38. 46.
    See also H. Mallāh’s Manūcherī dāmghanī va mūsīqī (Tehran, 1984), 83, and Manūcherī’s Dīvān, 18 and 159.Google Scholar
  39. 48.
    See Muḥammad Ḥ usayn ibn Khalaf Tabrīzī famous as Burhān, Burhān-e qāṭi’, ed. M. Mo’īn (Tehran, 1963), vol. II, 2nd ed. 1207–8, here I have to mention that I have some misgivings about the enumeration of these “Thirty Songs.” Because there are discrepancies between the editions of Sarvatyiā;n and V. Dastgirdī’s edition of Khusraw va Shīrīn (Tehrān, 1954). For the most part, these are not major differences, but there is one variant that affects the total number of the songs. Dastgirdī’s reading of the sixth and seventh song is: chu nāghūsī va avrangī zadī sāz / shudā avrang chun nāghūs az āvaz (p. 191). This reading makes naghūsī and avrangī two separate songs, while Sarvatyiān’s reading is more ambiguous: chu nāghūsī bar avrang āmadī bāz/ shudī avrang chun nāghūs az āvāz (p. 340). Sarvatyiān’s reading connects the two words of nāghūs and avrang in a way that makes it difficult to read them as denoting two separate songs, thus making Nizami’s “Thirty Songs” into twenty-nine songs. Sarvatyiān himself also alludes to this discrepancy (see pp. 893–94) but finds the fault with the reading of songs in other lines.Google Scholar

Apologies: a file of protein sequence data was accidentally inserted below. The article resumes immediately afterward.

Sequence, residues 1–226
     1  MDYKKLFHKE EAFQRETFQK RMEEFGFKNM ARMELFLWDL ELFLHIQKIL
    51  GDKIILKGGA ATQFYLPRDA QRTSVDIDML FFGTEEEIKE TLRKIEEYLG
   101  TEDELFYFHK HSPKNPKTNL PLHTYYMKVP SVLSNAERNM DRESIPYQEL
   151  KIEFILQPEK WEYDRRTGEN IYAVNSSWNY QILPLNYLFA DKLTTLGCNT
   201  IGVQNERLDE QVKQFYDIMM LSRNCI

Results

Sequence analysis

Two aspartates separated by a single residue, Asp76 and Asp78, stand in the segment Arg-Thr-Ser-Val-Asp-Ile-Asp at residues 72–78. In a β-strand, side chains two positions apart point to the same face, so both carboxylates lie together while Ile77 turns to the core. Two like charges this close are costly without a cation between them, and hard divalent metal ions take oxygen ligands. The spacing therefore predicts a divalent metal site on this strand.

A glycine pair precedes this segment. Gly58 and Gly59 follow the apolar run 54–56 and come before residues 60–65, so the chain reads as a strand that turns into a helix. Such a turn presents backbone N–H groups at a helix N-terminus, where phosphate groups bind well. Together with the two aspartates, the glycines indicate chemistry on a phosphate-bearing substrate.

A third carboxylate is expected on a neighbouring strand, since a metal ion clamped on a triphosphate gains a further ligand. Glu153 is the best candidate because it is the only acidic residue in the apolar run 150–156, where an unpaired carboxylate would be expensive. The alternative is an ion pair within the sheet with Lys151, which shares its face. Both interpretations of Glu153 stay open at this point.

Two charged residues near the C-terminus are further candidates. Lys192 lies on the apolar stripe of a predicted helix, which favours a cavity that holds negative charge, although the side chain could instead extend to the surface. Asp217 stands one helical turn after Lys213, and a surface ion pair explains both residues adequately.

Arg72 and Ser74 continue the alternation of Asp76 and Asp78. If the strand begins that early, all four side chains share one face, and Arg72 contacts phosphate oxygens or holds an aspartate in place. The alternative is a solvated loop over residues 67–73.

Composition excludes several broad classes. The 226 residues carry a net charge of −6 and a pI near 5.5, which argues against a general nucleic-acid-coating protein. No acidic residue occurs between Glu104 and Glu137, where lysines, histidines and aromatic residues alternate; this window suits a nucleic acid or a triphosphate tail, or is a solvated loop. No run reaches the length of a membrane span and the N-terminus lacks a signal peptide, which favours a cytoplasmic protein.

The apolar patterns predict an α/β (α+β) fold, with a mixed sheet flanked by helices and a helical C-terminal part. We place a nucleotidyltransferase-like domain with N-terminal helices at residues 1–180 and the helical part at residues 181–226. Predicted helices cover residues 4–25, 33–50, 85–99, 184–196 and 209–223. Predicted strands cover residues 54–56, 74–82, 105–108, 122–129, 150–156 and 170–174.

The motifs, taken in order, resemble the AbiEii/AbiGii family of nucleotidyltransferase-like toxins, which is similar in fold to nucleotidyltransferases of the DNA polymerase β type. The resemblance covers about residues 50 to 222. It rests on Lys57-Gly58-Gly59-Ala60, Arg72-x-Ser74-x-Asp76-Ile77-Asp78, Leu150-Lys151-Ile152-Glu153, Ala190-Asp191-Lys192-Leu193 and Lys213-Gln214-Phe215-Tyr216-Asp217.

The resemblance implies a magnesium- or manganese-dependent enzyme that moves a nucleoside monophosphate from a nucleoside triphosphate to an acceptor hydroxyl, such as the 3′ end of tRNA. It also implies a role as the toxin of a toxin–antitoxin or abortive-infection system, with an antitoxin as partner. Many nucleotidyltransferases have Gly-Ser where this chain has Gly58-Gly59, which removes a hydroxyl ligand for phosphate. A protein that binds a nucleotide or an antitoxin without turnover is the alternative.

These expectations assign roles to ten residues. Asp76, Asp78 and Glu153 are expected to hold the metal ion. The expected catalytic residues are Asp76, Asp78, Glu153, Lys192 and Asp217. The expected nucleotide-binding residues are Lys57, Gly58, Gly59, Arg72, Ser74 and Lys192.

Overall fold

40. 61.
    Theorists like Ibn Sina have generally divided the music after the advent of Islam into twelve primary modes or maqāms: rāhawī, husaynī, rāst, būsalīk, zankūla, ’ushaq, hijāzī ’iraq, isfahan, navā, buzurk, mukhālif. All of these names can still be found in modern Persian art music, but how much they differ from or resemble the original modes unfortunately is unknown to us. H. Farhat and S. Blum in The New Grove Dictionary of Music and Musicians, ed. Stanley Sadie (London, 1995), vol. IX, 292–300; for this quotation, see p. 292.Google Scholar

Copyright information

© Kamran Talattof and Jerome W. Clinton 2000

Authors and Affiliations

  • Firoozeh Khazrai

There are no affiliations available

Personalised recommendations